Focus Africa 2021: Konfidio Venture Studios and Greentec Capital Develop Blockchain Start-ups to accelerate endogenous growth

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  • August 28, 2018
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Africa today is politically part of the centralized world order and is largely economically dependent on the export of raw materials, mainly to Europe, the USA and China. Internally, large parts of Africa are plagued by poverty and lack of financial inclusion¹. The record keeping structure is poor and digital identity is of the lowest in the world² which means that access to credit and liquidity is low. African entrepreneurs have one of the highest barriers to entry in the world³.

Ironically, Africa is the most resource-rich continent in the world but experiences large capital outflows of most of the profit generated there⁴. It is set to contribute more than half of the global population growth by 2050⁵ which will add to the pressures of economic migration. In order to successfully overcome its present and future challenges, Africa will have to embrace the potential of digital technologies. Below is the future we envision for Africa.

It’s 2021 in Nairobi Kenya. Akeyo just finished sending 100.000 Kenyan e-Shillings, a parallel cryptocurrency, from her crypto-wallet to her friend, Abla, that lives in Dodoma Tanzania. The transaction was performed on her new 100 $ Smartphone and was verified and completed in 3 seconds as it was executed through a blockchain system. Akeyo has chosen for a small percentage of each transaction to be sent to a separate wallet that will automatically buy her mobile phone insurance as soon as the wallet contains 10.000 Kenyan e-Shillings. With that amount now filled, Akeyo receives a notification from her insurance app that notifies her that her mobile phone insurance contract has been purchased and sent to her email address. Akeyo has a unique digital identity which she uses to vote, pay her taxes, view her pension fund savings information and for all her off-line and online mobile purchases.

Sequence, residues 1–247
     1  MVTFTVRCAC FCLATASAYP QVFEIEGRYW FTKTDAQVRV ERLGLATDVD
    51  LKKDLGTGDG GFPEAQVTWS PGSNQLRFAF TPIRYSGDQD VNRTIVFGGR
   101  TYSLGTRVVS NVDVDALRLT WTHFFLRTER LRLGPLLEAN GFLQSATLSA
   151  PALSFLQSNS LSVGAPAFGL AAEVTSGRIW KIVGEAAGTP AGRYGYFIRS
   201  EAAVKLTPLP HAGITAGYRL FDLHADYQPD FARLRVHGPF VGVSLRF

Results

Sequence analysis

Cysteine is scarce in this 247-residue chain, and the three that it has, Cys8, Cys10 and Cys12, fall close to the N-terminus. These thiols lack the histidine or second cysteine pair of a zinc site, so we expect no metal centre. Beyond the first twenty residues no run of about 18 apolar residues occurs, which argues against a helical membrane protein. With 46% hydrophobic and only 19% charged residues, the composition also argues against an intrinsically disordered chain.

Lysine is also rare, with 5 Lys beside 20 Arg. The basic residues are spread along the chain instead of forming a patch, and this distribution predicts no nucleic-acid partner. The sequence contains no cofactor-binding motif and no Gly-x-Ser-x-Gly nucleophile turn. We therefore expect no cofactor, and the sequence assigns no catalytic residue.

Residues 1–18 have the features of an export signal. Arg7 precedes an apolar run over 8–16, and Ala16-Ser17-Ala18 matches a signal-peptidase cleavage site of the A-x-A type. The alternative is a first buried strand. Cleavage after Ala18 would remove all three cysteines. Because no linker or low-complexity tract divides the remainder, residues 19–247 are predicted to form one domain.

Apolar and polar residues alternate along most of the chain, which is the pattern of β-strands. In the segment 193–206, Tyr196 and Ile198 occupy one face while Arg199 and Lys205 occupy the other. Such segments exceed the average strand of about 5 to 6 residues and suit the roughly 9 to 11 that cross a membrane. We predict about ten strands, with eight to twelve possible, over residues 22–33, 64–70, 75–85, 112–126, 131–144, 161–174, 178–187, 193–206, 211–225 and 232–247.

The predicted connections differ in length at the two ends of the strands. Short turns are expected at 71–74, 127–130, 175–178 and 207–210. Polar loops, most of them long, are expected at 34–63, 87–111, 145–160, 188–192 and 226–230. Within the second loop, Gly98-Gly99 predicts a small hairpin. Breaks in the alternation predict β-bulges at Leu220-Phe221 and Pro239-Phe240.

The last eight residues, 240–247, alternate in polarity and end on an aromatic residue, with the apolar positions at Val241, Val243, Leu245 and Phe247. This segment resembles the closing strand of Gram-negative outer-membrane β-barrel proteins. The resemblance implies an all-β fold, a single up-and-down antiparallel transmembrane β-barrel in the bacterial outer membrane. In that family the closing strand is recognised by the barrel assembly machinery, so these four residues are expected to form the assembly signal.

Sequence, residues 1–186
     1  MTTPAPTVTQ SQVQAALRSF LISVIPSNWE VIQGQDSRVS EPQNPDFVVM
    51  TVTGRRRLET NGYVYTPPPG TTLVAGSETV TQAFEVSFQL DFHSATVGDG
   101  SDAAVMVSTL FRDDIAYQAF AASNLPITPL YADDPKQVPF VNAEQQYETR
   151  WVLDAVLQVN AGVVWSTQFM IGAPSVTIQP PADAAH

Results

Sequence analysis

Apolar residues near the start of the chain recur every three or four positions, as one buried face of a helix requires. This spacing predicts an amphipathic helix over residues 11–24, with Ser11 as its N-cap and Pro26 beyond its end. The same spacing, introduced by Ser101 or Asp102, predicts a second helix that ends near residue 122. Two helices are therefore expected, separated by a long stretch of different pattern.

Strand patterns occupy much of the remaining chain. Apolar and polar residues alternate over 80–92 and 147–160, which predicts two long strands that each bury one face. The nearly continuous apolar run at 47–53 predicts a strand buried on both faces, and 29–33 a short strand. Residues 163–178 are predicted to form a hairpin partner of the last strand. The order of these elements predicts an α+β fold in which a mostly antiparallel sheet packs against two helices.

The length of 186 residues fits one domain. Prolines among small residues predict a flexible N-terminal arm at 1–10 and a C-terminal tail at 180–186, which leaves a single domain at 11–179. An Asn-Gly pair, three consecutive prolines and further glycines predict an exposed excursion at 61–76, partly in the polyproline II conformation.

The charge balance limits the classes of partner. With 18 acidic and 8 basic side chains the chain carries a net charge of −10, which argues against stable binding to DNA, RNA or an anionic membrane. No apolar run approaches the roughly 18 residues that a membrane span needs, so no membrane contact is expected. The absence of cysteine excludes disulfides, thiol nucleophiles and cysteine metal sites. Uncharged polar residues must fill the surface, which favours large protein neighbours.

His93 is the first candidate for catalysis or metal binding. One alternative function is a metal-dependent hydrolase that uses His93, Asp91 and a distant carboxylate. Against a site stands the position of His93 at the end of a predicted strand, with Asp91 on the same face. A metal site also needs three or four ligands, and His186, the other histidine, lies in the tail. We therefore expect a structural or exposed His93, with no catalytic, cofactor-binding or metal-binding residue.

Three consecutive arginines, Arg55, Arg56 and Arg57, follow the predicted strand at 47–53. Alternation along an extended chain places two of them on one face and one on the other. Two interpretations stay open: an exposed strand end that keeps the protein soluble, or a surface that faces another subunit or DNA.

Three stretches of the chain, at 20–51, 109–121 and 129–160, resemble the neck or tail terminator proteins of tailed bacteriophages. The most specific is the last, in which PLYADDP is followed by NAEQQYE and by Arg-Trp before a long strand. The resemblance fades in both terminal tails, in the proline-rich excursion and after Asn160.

In developing nations, one of the biggest challenges for economic growth and prosperity is the lack of financial inclusion. The use of cryptocurrencies for payments and transactions can allow African nations to ‘leapfrog’ the absence of financial services infrastructures with increased transparency, security, and auditability.

Mamadou, a coffee farmer that lives and works in the Congo Basin, just finished gathering his crop. He is selling 200 kilos of coffee in a digital peer to peer (P2P) marketplace and wants to be paid in Ether. After his sell order is filled, the ether is immediately transferred to his crypto wallet. Peer to peer digital marketplaces allow farmers to directly sell their harvest to buyers, bypassing middlemen and retaining full control of the profits of their crops. Mamadou is then prompted to send Yonas, his lender in the P2P microfinance platform Mamadou is using, 2% of the transaction value in order to pay back his loan. Blockchain-based parallel and crypto-currencies have completely liberalized the microlending industry as investors of all sizes and backgrounds can pool their resources. Blockchain-based microlending has eliminated all the intermediary parties that previously raised interest rates and now farmers like Mamadou have access to credit for as low as 1–2%. In 2018, Mamadou had paid for the same amount, 200% interest on his loan from a loan-shark.